Feb. 21, 2020 By Allie Griffin
Two Queens neighborhood associations have filed suit against New York City to challenge the mayor’s plan to construct a 19-story jail in Kew Gardens.
Queens Residents United and the Community Preservation Coalition jointly filed an Article 78 proceeding in New York Supreme Court Tuesday. An Article 78 suit is used to overturn state or local government policy.
The two groups condemn the city’s plan to close Rikers Island by 2026 and replace it with four borough-based jails — including one that will go up on the site of the decommissioned Queens Detention facility at 182-02 82nd Ave. in Kew Gardens.
The groups argue that the City didn’t follow its own laws and procedures in approving the plan and therefore it should be stopped.
“City officials presented the Kew Gardens jail project as a ‘done deal’ before the environmental studies even began,” said Joseph Faraldo, spokesperson for Queens Residents United.
“In the case of the borough-based jails, in Queens and throughout the City, the government relied on fanciful assumptions, cut corners, broke rules, and short-circuited processes designed to inform City residents and give them a voice in shaping their own communities,” the Article 78 suit states.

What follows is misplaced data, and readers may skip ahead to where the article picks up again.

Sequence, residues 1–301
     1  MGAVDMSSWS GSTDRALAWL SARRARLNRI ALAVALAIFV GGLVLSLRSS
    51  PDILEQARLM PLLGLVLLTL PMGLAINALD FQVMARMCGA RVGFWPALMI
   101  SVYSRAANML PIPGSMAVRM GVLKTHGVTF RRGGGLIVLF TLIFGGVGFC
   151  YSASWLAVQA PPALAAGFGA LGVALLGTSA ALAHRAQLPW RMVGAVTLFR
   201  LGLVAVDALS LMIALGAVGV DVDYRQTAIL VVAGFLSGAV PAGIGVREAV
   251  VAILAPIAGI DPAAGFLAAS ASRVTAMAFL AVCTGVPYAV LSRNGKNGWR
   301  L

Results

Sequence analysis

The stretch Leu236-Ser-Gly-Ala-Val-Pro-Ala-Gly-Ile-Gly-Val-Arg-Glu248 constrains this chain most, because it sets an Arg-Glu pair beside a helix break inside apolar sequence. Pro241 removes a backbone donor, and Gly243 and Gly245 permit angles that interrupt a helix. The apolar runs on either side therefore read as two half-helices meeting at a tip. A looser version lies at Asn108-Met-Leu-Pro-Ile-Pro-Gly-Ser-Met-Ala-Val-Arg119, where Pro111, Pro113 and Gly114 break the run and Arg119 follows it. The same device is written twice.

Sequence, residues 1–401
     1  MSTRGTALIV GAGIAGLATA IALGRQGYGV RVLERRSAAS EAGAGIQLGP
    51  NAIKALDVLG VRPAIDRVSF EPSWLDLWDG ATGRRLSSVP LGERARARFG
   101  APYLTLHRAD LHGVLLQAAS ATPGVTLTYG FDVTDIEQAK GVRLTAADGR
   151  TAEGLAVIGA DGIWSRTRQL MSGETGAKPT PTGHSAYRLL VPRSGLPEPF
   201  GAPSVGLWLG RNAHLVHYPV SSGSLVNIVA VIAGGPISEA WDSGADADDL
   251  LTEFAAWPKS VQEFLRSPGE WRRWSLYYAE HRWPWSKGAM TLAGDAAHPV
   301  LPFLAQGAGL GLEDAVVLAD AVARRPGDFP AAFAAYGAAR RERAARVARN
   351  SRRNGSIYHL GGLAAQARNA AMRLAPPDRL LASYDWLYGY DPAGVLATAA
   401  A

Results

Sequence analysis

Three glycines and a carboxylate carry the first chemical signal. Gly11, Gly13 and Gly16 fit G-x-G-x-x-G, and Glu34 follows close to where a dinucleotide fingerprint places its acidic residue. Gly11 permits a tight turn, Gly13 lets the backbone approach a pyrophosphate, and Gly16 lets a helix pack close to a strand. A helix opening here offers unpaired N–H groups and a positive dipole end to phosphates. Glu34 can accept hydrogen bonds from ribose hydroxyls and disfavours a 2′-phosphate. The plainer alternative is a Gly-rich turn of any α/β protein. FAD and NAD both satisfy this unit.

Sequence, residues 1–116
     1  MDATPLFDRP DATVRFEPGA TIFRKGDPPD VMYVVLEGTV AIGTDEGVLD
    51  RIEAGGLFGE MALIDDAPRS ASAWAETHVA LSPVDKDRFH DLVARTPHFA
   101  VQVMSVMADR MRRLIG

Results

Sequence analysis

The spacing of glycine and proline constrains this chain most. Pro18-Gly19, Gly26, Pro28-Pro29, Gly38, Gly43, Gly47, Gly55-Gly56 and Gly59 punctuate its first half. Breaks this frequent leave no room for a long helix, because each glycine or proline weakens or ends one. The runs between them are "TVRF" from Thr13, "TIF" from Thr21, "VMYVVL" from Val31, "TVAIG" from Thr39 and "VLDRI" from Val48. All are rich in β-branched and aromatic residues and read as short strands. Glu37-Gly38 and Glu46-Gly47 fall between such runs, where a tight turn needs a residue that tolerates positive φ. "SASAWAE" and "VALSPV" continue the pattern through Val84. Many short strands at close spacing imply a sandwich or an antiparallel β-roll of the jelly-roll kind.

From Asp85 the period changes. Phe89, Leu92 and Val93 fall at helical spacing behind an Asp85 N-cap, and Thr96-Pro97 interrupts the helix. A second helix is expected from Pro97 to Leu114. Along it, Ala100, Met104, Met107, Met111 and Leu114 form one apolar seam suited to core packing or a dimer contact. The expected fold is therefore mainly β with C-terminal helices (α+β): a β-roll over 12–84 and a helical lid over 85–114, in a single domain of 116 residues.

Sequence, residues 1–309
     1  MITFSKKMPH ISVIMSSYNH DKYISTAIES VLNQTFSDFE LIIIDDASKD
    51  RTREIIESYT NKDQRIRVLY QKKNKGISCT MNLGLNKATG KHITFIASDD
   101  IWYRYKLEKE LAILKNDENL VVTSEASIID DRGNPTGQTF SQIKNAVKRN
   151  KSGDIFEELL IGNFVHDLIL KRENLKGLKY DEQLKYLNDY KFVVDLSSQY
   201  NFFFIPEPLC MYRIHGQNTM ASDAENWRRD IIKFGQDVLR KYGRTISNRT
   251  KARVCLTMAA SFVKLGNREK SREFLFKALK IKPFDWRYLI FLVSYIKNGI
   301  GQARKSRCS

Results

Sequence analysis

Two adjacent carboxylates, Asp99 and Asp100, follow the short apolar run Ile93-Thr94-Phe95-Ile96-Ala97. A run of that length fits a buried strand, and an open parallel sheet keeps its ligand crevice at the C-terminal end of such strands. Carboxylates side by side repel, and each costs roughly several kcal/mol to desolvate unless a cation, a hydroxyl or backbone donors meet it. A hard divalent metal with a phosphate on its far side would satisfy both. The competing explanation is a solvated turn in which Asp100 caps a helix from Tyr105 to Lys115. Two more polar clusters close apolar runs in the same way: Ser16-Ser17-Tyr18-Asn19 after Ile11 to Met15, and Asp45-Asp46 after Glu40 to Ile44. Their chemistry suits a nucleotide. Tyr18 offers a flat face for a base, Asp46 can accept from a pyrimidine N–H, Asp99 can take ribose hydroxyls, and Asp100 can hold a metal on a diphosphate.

The groups argue that the City willfully disregarded and made “active attempts to circumvent” the requirements of the land use review process known as Uniform Land Use Review Process (ULURP) — as well as the City Environmental Quality Review Act (CEQRA), which reviews the environmental and socioeconomic factors of an infrastructure project.
The suit also alleges that the City failed to engage and consider the public’s feedback during the approval process.
The City Council voted to approve the plan on Oct. 17, despite all four community boards where the jails will be sited rejecting it. Queens Community Board 9 unanimously voted against the plan, noting that large jails shouldn’t go up in residential areas.
The City “neglected, disregarded, or even actively sought to avoid the input of the public,” the neighborhood groups say in the suit.
The City limited community input by making neighborhood advisory committee meetings “invitation-only” — closed to the public and media, said Dominick Pistone, spokesperson for the Community Preservation Coalition.
“Indeed, City officials, including Mayor Bill de Blasio and Council Speaker Corey Johnson, bragged about cutting corners, as if the City did a good thing by failing to engage its public as the law said it must have done,” the suit adds.
The groups’ major point is that the entire borough-based plan went through the ULURP and CEQRA processes as a single application, rather than each proposed jail facility being reviewed individually.
“They improperly combined the land-use review for four massive borough-based jails into a single, one-size-fits-all proposal to accelerate approvals and avoid meaningful public discussion and debate over the scope, cost and implementation of these projects.”
Instead the City chose “to ram through a Frankenstein-stitched, one-size-fits all proposal for facilities in four boroughs,” the suit adds.
The filing comes just weeks after two similar suits were filed by groups representing the Bronx and Manhattan communities slated for jail facilities under the city’s plan.